In the so-called 'vishing' scam, the 16 victims were told there had been suspicious activity on their account and were advised to transfer their money to a different account.
One 53-year-old woman, who asked to remain anonymous, said she considered herself to be competent and security aware in dealing with her financial affairs but still fell victim to the "sophisticated and elaborate" scam and almost lost close to £165,000.
Police in Edinburgh and Royal Bank of Scotland (RBS) have issued a warning to people about the gang, who call up the public claiming to be from their bank.
As part of an awareness campaign all branches of the main banks will display posters reminding the public never to give out their details if they are cold-called. Police will also distribute crime prevention leaflets across the capital giving information on how to avoid becoming a victim.
Detective Inspector Arron Clinkscales said: "If you receive a call like this, do not comply. Hang up and ensure the line has been cleared before contacting police."
The woman from Edinburgh, who spoke of the fraud yesterday, said she transferred £163,499 on instruction from the criminals. Her bank managed to stop £100,000 before it hit the suspect's account, but £63,499 did go through. Police and the banks recovered £19,999, and the rest of the money, £43,500, was reimbursed by her bank.
She said: "The most important element of this fraud, which hooked us into it from the start, and subsequently kept us motivated to participate, was that, as far as we were concerned, we had called the telephone number on the back of our bank debit cards, which the fraudsters had asked us to do for our own 'security' and so that we could be 'confident' we had called the bank's fraud department.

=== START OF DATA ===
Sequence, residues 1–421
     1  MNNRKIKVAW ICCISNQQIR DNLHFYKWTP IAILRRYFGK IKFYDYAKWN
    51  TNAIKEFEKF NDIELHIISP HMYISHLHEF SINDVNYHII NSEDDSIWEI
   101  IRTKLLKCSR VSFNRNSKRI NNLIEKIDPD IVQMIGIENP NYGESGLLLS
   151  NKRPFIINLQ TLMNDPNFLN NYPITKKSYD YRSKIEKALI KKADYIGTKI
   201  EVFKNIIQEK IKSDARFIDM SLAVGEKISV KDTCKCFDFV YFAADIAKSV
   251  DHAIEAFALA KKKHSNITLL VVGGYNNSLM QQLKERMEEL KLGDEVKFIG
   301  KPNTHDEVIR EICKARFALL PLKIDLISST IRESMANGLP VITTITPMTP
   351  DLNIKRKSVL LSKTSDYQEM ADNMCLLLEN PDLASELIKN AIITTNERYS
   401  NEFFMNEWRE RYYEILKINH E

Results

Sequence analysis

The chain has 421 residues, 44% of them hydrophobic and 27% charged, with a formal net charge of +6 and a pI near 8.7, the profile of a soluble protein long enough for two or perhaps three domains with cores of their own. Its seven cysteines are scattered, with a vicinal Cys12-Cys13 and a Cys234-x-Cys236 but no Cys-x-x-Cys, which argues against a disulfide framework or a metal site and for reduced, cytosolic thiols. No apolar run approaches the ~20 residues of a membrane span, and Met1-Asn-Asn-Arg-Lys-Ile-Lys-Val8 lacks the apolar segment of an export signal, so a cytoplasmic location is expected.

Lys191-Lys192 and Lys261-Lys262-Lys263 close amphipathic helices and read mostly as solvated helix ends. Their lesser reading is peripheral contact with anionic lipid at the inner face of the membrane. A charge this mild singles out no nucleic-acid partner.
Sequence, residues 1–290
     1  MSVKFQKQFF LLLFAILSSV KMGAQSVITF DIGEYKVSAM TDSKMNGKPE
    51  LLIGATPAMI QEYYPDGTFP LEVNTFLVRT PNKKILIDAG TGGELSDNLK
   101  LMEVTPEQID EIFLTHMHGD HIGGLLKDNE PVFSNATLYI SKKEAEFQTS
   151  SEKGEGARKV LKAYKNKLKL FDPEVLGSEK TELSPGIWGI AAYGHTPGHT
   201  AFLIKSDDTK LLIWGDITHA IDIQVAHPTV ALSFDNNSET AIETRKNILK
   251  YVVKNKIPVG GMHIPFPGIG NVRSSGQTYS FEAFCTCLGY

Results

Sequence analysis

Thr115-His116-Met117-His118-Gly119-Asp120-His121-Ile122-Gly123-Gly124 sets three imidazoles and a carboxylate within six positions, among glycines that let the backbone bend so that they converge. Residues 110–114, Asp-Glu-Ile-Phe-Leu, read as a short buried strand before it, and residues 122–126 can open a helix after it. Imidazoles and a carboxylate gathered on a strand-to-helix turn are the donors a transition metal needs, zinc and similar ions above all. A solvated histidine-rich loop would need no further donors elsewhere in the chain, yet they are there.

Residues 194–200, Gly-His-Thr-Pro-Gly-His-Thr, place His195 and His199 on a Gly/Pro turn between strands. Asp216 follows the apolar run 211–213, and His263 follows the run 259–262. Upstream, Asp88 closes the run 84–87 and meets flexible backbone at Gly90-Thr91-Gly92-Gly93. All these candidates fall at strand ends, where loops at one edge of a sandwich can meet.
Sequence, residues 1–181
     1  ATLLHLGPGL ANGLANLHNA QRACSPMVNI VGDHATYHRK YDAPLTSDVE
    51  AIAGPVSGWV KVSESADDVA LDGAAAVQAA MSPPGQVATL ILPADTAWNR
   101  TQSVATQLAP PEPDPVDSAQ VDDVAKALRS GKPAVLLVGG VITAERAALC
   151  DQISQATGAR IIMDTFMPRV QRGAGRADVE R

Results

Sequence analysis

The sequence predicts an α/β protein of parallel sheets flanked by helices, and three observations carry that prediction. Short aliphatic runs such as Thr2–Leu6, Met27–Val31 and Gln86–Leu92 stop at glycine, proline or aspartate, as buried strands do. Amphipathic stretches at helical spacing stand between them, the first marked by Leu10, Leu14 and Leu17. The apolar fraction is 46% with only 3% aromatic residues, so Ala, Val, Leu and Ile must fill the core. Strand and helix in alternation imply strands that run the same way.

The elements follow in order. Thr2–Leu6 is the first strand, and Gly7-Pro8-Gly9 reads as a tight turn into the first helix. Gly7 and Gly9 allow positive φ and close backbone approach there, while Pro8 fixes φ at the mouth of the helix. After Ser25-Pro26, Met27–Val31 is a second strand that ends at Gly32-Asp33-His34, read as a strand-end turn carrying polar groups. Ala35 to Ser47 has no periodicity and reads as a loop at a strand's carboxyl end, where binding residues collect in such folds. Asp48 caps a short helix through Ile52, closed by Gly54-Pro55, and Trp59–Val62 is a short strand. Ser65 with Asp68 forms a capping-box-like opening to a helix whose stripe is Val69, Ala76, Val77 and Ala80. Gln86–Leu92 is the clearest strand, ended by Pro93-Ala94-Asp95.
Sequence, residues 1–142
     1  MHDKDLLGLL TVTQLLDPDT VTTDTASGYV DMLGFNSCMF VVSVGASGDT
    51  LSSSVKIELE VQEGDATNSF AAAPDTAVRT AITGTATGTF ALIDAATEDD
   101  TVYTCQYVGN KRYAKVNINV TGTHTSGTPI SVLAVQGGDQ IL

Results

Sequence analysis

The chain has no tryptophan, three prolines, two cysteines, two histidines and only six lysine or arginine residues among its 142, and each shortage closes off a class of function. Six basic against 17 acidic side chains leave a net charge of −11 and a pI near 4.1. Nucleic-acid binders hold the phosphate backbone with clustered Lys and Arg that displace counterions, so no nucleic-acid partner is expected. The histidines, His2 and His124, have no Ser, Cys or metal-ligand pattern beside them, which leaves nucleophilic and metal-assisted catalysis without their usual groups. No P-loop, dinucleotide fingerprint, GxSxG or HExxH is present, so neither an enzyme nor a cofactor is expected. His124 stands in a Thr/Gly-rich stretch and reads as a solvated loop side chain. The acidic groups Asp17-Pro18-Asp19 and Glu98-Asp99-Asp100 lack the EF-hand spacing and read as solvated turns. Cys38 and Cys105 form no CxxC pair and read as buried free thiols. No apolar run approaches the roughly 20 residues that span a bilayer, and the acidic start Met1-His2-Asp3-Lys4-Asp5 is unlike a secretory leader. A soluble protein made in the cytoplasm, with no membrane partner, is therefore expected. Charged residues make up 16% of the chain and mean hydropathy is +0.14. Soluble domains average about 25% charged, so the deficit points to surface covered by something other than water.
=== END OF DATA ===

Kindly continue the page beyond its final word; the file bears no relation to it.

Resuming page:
"We did not know at the time that, when they called us, they had simply kept the line open and we were, therefore, still speaking to them and not to the bank."
She transferred money from three separate banks into what turned out to be fraudulent accounts used for money laundering in the space of two to three hours.
Chris Wilson, RBS Scotland managing director, said: "Fraudsters work by creating fear a customer's savings may be under threat.
"No bank will ever ask a customer to transfer their savings or part of their savings to another account or another bank in order to 'protect the funds'."